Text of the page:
21 February, 2014

Book Review: The Immortal Life of Henrietta Lacks

From Goodreads: Henrietta Lacks, as HeLa, is known to present-day scientists for her cells from cervical cancer. She was a poor Southern tobacco farmer who worked the same land as her slave ancestors, yet her cells were taken without her knowledge and still live decades after her death. Cells descended from her may weigh more than 50M metric tons.
HeLa cells were vital for developing the polio vaccine; uncovered secrets of cancer, viruses, and the atom bomb’s effects; helped lead to important advances like in vitro fertilization, cloning, and gene mapping; and have been bought and sold by the billions. Yet Henrietta Lacks was buried in an unmarked grave.
The journey starts in the “colored” ward of Johns Hopkins Hospital in the 1950s, her small, dying hometown of Clover, Virginia — wooden slave quarters, faith healings, and voodoo. Today are stark white laboratories with freezers full of HeLa cells, East Baltimore children and grandchildren live in obscurity, see no profits, and feel violated. The dark history of experimentation on African Americans helped lead to the birth of bioethics, and legal battles over whether we control the stuff we are made of.

Thoughts:  Although you may not know it, you may owe your life to Henrietta Lacks - a poor African American woman who died in 1951. She also had cells taken from her cervix that turned out to be rather incredible and have been used in just about every medical research project since.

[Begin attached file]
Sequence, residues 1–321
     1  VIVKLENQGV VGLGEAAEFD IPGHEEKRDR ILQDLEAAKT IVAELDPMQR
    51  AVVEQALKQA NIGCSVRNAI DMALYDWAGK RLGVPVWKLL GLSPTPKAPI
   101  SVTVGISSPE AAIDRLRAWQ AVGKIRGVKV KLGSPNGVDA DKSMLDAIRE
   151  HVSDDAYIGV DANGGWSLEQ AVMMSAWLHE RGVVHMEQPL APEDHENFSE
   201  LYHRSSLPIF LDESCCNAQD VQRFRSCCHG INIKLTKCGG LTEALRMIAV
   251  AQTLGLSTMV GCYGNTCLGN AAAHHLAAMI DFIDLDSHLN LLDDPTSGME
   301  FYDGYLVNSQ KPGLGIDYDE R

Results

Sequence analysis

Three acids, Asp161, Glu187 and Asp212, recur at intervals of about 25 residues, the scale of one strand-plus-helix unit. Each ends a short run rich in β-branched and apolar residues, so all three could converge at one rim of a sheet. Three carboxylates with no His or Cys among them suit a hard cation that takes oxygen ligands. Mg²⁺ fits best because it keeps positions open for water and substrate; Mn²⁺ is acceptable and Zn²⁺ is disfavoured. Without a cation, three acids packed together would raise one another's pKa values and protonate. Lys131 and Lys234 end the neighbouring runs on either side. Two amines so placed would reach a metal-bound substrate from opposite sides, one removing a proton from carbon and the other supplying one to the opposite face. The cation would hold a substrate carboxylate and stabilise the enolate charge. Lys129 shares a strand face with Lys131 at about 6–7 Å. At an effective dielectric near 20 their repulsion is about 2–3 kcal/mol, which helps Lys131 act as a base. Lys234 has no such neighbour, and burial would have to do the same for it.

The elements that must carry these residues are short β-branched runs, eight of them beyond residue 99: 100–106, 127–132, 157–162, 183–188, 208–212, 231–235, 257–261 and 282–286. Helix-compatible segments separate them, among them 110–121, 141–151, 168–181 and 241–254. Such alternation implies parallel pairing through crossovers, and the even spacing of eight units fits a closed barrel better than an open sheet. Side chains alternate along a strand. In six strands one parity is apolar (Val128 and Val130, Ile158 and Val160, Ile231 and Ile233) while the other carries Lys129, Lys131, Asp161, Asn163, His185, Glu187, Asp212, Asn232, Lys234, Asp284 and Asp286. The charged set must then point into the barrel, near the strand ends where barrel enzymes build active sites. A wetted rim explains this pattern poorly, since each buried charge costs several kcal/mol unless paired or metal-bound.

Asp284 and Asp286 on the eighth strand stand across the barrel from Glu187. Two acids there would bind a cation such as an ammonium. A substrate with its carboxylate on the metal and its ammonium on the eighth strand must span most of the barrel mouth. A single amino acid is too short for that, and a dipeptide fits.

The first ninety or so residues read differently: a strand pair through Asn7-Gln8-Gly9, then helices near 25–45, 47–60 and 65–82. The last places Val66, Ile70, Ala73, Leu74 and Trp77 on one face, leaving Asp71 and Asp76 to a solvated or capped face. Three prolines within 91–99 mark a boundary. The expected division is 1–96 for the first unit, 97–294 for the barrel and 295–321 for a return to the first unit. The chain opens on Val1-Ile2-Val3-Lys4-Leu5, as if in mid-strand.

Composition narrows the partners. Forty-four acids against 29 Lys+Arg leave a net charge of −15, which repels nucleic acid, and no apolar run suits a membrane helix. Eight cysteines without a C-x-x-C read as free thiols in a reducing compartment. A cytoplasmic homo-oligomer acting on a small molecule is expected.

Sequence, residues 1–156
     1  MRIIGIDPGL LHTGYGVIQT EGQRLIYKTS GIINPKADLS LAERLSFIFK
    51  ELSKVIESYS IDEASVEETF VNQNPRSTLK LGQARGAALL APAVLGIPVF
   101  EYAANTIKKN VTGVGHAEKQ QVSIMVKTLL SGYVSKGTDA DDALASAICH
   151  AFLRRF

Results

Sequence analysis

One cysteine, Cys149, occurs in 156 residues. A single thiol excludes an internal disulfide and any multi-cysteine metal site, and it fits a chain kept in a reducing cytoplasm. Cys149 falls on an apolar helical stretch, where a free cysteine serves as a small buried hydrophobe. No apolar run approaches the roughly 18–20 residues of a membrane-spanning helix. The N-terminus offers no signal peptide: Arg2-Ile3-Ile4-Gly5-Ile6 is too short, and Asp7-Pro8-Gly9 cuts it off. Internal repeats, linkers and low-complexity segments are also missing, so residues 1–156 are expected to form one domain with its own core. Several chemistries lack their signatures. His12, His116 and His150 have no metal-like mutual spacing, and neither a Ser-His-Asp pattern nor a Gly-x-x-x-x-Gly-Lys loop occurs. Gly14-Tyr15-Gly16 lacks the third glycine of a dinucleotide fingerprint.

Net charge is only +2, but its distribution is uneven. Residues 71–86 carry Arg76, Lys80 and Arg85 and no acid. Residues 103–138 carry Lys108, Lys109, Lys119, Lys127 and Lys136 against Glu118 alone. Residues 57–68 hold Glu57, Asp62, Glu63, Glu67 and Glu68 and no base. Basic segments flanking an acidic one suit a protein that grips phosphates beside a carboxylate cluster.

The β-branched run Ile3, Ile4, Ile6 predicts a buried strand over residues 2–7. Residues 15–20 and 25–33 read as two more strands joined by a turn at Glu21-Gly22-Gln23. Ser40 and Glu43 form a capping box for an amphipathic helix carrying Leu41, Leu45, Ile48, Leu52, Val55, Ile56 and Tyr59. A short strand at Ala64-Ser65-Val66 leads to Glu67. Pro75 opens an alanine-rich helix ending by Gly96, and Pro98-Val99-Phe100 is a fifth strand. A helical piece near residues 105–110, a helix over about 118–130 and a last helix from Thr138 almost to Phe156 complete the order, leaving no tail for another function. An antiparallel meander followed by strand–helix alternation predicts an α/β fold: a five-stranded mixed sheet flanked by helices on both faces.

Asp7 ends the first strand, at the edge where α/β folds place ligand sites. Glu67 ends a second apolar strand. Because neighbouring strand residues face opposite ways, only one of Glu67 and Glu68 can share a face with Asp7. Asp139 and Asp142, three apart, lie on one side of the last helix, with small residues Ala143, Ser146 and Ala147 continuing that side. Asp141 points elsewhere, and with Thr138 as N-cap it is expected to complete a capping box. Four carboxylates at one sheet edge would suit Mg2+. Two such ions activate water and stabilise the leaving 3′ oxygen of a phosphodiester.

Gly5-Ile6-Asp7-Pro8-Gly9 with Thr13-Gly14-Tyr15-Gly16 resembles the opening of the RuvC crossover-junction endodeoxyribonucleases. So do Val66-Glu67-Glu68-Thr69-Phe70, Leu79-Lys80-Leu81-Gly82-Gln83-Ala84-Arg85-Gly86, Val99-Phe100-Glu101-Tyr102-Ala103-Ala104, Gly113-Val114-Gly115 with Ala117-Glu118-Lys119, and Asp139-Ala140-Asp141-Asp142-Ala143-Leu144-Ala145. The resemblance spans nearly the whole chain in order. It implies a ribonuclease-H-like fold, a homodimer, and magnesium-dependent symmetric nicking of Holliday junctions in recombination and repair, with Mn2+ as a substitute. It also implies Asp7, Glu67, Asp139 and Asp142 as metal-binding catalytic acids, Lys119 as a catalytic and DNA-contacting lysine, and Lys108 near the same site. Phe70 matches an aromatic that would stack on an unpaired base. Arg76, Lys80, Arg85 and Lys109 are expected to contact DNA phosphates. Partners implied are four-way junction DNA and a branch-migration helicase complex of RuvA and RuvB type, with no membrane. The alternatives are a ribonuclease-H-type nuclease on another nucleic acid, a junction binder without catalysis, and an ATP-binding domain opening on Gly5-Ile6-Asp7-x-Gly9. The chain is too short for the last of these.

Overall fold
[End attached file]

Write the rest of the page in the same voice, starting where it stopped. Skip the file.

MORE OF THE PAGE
The big problem - Lacks never knew, and neither did her family.
The Immortal Life of Henrietta Lacks raises a raft of issues. Once tissue leaves your body, do you have any right or control over it? Should you? Should you be able to say whether or not it's used, whether is should be used for commercial purposes and if it is, should you be compensated for it?
I think very few people would not allow their tissues to be used to further medical research. What is wrong (as far as I'm concerned) is when money is made of the raw product without the knowledge or consent of the donor or their family. (ie. the cells) There are whole companies in America who have built substantial businesses based on HeLa cells and her family can't even get medical insurance.
The thing that struck me the most though, is for Henrietta's daughter, Deborah, it wasn't about money - it was about appropriate recognition for her mother. In the end, even her brothers who were all ready to sue Hopkins came to that conclusion. And really, I'm not surprised. I think very few people would see it as a money making opportunity. In fact, research cited in the book suggests it is those without an emotional attachment to the tissues (as the donor or a family member) who are more likely to want to commercialise it. 
The Immortal Life of Henrietta Lacks is a fantastic read and worthy of all the praise it has been given, Highly recommended.

Challenges: 5 from Forever in '14